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Give and Take

Developmental Foreign Aid and the Pharmaceutical Industry in East Africa

Nitsan Chorev

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Geisteswissenschaften, Kunst, Musik / Pädagogik


Give and Take looks at local drug manufacturing in Kenya, Tanzania, and Uganda, from the early 1980s to the present, to understand the impact of foreign aid on industrial development. While foreign aid has been attacked by critics as wasteful, counterproductive, or exploitative, Nitsan Chorev makes a clear case for the effectiveness of what she terms “developmental foreign aid.”

Against the backdrop of Africa’s pursuit of economic self-sufficiency, the battle against AIDS and malaria, and bitter negotiations over affordable drugs, Chorev offers an important corrective to popular views on foreign aid and development. She shows that when foreign aid has provided markets, monitoring, and mentoring, it has supported the emergence and upgrading of local production. In instances where donors were willing to procure local drugs, they created new markets that gave local entrepreneurs an incentive to produce new types of drugs. In turn, when donors enforced exacting standards as a condition to access those markets, they gave these producers an incentive to improve quality standards. And where technical know-how was not readily available and donors provided mentoring, local producers received the guidance necessary for improving production processes.

Without losing sight of domestic political-economic conditions, historical legacies, and foreign aid’s own internal contradictions, Give and Take presents groundbreaking insights into the conditions under which foreign aid can be effective.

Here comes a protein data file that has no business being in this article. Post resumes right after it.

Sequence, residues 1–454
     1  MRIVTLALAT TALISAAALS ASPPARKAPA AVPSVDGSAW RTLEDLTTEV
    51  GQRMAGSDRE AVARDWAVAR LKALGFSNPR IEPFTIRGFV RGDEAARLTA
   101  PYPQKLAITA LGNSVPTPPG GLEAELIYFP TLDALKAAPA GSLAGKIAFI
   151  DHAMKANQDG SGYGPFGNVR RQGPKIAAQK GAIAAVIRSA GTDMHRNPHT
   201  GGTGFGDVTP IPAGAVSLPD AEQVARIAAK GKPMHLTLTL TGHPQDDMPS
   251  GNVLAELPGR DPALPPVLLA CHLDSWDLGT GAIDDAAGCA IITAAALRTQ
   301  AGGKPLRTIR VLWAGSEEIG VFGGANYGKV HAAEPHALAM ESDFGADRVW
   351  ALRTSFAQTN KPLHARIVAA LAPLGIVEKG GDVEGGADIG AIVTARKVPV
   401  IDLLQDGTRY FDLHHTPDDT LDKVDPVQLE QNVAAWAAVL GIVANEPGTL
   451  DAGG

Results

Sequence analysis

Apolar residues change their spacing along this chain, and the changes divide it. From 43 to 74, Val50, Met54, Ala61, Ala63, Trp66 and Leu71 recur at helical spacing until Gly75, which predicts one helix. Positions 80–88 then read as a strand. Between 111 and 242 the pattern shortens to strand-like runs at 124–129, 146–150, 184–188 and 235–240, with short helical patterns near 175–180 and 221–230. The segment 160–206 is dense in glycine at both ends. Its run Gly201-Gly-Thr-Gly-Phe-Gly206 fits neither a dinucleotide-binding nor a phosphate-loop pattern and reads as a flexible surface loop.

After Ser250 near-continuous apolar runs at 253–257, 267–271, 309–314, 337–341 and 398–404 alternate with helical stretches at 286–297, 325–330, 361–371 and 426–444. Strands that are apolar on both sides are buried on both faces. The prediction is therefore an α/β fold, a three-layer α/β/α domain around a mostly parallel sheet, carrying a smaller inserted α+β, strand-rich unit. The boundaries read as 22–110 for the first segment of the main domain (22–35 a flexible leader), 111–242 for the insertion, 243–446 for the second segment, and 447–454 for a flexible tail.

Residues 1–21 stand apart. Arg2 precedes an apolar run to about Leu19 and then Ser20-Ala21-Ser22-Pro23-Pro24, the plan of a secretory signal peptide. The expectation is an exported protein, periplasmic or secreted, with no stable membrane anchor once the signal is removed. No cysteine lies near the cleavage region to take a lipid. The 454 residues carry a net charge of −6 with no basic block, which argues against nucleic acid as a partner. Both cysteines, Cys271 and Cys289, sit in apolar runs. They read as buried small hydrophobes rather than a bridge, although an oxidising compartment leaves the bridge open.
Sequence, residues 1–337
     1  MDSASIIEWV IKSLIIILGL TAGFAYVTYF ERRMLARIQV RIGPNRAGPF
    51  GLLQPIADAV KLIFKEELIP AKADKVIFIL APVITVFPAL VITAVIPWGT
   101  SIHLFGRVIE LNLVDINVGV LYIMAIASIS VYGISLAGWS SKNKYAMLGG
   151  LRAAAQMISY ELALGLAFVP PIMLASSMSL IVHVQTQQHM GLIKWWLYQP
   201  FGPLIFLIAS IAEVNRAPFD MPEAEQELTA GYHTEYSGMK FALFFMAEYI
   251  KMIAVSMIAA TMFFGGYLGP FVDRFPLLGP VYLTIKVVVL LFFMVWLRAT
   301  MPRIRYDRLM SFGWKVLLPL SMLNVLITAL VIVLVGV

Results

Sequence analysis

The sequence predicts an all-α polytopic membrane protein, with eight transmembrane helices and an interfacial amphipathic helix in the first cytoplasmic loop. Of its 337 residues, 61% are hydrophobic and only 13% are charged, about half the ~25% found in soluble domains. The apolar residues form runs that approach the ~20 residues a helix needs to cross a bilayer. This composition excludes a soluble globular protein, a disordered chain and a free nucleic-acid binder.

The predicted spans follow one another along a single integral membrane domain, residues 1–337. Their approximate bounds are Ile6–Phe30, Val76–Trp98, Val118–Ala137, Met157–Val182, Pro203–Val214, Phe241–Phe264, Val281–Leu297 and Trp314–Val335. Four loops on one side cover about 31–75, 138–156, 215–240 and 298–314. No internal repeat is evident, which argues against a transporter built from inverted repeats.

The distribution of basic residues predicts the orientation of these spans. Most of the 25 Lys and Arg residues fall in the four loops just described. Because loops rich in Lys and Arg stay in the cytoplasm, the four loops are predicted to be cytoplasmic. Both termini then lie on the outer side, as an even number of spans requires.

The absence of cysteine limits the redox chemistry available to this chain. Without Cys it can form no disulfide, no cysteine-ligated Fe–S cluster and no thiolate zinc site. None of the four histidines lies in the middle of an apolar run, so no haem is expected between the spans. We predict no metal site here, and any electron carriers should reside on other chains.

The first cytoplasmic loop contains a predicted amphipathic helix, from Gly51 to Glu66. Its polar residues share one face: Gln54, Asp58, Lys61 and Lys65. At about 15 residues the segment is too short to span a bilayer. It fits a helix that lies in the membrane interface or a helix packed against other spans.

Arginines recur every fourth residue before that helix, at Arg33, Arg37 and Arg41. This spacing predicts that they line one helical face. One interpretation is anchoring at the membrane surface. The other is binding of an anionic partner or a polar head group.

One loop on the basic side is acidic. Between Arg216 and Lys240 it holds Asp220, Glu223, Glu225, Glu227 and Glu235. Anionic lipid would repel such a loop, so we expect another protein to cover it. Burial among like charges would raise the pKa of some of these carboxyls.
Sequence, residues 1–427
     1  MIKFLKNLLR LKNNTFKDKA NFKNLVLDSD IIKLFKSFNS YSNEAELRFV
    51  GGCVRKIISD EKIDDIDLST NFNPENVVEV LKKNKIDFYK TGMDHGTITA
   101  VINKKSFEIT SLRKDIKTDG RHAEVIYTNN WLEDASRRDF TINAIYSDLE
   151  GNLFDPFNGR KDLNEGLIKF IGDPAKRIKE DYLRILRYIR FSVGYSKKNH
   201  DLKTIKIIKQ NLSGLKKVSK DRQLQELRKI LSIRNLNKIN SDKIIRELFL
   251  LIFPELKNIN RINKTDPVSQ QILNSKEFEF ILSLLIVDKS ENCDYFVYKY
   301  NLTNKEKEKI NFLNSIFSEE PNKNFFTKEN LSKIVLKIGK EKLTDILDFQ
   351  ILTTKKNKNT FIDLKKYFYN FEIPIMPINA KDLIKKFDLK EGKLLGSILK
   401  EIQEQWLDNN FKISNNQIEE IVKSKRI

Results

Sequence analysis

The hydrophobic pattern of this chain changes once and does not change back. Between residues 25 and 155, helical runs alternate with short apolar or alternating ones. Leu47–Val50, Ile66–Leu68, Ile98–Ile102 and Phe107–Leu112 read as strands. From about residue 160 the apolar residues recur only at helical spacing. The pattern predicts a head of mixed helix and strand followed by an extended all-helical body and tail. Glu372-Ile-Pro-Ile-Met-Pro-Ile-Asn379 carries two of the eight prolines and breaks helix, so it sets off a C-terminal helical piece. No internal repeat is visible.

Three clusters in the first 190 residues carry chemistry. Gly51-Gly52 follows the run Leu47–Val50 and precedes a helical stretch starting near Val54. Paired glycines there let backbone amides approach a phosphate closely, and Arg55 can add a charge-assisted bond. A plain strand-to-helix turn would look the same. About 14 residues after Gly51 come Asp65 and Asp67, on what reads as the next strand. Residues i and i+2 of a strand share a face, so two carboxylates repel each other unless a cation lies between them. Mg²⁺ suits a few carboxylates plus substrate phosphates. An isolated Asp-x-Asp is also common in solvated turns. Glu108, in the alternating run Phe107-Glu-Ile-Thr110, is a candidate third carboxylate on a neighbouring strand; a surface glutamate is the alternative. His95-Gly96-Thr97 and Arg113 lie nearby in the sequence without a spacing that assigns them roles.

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Marketing, Shortage, Public health, Quality assurance, Industry, Private sector, Good manufacturing practice, Brand, Quality control, Entrepreneurship, Dosage form, Pharmacist, Essential medicines, Prevalence, World Bank Group, Year, Chemical industry, Import, East Africa, Kampala, Pharmaceutical manufacturing, Pharmacy, World Bank, Industrial policy, Uganda, Tariff, United States Agency for International Development, Economic development, Secondary sector of the economy, Retail, Incentive, Institution, President's Emergency Plan for AIDS Relief, Government agency, Tanzania, United Nations Conference on Trade and Development, Budget, Foreign direct investment, State-owned enterprise, Requirement, Tuberculosis, Rationing, Antimalarial medication, Postmarketing surveillance, World Trade Organization, Commodity, Economy, Malaria, Privatization, Infrastructure, Drugs for Neglected Diseases Initiative, Industrial production, Provision (accounting), Welfare, Currency, Dar es Salaam, Tax, Expense, World War II, Raw material, Procurement, Technology transfer, World Health Organization, Indication (medicine), Donor, Manufacturing, Competitiveness, Development aid, Generic drug, Liberalization, United Nations Industrial Development Organization, Colonialism, Health care, African socialism, Know-how, Combination therapy, International organization, Investor, Non-governmental organization, Employment, Industrialisation, Funding, Cipla, Joint venture, Technology, Processing (Chinese materia medica), Aid, Pharmaceutical industry, International Monetary Fund, Subsidiary, Developed country, Supply (economics), Market analysis, Multinational corporation, Kenya, Government procurement, New International Economic Order, Public sector, Pharmaceutical drug, Pharmacy school